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Virtual Rat Brain Created By Scientists

Virtual Rat Brain

In a breakthrough for the controversial European neuroscience project which aims to digitize the human brain, the Blue Brain Project has created the first digital simulation of a rat brain.

The supercomputer powered rat brain, which is actually a chunk or segment of a rat’s brain, models some 31,000 virtual brain cells connected by a network of approximately 37 million synapses, Scientific American reports.

For the Blue Brain Project, which is led by neurobiologist Henry Markram of the Swiss Federal Institute of Technology in Lausanne (EPFL), the accomplishment brings them one step closer to achieving their goal of a human brain simulating supercomputer. To be more precision, the project aims to create a biologically detailed computer simulation of the human brain — a goal which the group hopes to achieve through the application of experimental data which defines the three-dimensional shape, electrical properties, ion channels and other proteins generally produced by various types of cells.

According to Markram, simulating the human brain would provide vast insight into the inner-workings of the human brain.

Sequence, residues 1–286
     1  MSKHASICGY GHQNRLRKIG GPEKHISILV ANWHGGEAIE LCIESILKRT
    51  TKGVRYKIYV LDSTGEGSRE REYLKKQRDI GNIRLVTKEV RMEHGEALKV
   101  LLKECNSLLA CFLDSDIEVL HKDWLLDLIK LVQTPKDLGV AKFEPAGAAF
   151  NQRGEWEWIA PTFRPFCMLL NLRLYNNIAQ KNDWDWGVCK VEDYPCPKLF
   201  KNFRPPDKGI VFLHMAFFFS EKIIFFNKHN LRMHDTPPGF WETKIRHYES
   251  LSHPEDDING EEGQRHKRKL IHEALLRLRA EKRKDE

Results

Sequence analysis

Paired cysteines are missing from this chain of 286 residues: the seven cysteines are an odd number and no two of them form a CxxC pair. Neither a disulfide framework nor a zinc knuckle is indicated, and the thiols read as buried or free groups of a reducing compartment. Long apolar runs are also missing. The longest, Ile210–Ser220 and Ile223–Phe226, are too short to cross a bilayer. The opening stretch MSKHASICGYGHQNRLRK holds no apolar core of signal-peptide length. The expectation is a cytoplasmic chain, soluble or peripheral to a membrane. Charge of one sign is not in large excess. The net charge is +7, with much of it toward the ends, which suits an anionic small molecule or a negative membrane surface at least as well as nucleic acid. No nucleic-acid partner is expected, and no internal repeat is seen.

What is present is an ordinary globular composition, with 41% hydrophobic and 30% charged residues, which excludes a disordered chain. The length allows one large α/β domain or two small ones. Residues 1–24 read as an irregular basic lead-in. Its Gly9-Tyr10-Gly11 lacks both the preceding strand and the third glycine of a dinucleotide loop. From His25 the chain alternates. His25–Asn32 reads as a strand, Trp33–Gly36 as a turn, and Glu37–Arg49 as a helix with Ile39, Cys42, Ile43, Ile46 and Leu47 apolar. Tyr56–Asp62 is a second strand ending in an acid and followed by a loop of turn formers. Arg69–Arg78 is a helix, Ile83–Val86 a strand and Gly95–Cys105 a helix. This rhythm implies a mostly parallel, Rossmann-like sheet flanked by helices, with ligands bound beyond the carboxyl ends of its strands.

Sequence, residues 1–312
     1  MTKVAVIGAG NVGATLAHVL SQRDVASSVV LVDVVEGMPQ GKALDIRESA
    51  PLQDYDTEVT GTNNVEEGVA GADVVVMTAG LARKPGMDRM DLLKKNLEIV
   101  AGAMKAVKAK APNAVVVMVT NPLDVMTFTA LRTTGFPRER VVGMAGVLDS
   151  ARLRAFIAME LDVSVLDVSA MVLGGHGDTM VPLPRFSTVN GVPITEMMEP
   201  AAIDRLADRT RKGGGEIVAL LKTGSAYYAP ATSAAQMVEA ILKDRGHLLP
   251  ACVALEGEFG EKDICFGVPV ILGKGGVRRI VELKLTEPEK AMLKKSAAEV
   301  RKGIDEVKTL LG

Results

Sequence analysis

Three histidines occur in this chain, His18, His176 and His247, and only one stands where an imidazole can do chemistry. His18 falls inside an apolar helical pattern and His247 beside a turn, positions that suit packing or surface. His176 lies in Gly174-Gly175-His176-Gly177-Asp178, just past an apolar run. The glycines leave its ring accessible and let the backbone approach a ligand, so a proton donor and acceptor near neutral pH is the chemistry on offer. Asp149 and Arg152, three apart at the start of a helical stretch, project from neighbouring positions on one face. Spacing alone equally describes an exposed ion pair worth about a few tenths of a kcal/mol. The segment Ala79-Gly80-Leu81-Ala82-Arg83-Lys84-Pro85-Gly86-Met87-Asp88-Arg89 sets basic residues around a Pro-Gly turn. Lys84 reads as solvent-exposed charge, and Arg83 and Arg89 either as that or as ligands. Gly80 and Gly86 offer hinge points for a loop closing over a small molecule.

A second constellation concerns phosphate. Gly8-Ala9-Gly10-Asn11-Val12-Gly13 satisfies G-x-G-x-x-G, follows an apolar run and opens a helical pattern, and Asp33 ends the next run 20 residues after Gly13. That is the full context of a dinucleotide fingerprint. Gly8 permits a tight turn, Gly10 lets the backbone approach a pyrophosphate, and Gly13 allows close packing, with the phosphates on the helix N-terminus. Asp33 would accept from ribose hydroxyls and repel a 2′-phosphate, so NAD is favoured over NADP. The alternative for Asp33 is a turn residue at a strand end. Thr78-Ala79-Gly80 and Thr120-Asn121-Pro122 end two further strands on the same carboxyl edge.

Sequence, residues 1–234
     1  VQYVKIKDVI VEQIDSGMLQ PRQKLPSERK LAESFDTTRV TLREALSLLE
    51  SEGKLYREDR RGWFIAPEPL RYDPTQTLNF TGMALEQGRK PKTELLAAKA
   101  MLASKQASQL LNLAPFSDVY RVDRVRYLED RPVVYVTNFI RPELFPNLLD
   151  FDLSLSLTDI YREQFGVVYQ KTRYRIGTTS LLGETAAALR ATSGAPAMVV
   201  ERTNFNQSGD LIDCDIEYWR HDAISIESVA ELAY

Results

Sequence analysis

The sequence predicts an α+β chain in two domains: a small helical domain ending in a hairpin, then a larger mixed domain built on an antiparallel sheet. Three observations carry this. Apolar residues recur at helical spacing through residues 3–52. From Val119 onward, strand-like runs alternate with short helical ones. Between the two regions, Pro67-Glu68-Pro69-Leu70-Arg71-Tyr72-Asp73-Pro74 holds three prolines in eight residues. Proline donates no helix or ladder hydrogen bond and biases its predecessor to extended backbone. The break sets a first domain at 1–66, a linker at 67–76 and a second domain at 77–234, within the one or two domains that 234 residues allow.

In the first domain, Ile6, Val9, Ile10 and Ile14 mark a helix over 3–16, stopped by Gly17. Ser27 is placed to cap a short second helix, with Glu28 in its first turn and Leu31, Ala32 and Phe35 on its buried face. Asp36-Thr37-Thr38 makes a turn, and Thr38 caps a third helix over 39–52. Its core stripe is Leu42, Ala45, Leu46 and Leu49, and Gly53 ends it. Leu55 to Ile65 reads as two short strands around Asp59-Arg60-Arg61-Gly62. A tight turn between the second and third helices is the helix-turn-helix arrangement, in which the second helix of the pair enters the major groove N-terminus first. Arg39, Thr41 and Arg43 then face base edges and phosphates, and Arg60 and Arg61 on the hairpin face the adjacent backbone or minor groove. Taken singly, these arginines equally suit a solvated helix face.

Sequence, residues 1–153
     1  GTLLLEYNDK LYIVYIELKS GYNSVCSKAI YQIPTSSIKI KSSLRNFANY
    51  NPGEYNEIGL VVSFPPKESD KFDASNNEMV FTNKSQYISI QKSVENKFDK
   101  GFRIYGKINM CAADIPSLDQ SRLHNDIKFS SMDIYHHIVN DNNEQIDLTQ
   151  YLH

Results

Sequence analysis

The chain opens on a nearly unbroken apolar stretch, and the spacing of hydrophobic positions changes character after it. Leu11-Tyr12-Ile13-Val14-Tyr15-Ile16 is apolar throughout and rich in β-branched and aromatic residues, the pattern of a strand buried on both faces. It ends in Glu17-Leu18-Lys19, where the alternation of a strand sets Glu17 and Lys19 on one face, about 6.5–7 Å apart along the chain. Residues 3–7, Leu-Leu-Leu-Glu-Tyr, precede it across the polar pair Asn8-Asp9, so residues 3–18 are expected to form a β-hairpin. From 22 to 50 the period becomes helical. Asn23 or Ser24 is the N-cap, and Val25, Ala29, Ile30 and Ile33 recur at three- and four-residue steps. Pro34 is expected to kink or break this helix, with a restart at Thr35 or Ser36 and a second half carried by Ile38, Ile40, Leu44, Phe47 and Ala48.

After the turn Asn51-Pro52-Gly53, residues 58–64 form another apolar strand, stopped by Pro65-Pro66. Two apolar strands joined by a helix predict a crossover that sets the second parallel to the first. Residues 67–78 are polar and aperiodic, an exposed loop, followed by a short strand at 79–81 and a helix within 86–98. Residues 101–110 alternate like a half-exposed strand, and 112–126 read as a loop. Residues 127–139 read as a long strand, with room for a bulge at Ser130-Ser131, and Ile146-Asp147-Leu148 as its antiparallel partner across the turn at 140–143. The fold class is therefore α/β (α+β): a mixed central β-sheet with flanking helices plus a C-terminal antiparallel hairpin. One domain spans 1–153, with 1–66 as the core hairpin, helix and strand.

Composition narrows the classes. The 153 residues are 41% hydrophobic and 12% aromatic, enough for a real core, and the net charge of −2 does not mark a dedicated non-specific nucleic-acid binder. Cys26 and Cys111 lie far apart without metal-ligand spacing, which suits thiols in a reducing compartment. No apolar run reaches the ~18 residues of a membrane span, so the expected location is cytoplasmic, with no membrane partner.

In contrast, Scientific American reports that other neuroscientists have argued against the notion, claiming that the creation of a virtual brain will offer no more information and understanding than simpler simulations of neural circuitry and that it will be, in essence, nothing more than a waste of computing resources.

Researchers behind the virtual rat brain published a research paper in the journal Cell back on October 8 in which they describe the digital brain as a model of the rat’s primary somatosensory cortex — a region responsible for the reception of sensory information derived from the whiskers and other parts of the body.

It’s worth noting that the simulation does not cover every aspect of the cortex and that it is by no means a complete digitization of the rat brain. But all the same, Markram claims that it reproduces emergent properties of cortical circuitry which could allow researchers to conduct otherwise difficult to conduct experiments.

The simulation comes as the result of a collaborative effort in which over 80 researchers from across 12 countries contributed their expertise. The group has made the efforts of their research, the computer model itself, freely available to the public at large.

In other news, researchers unrelated to the virtual reconstruction of a rat’s brain have produced a geomagnetic brain device which allows blind rats to navigate “like they can see.”

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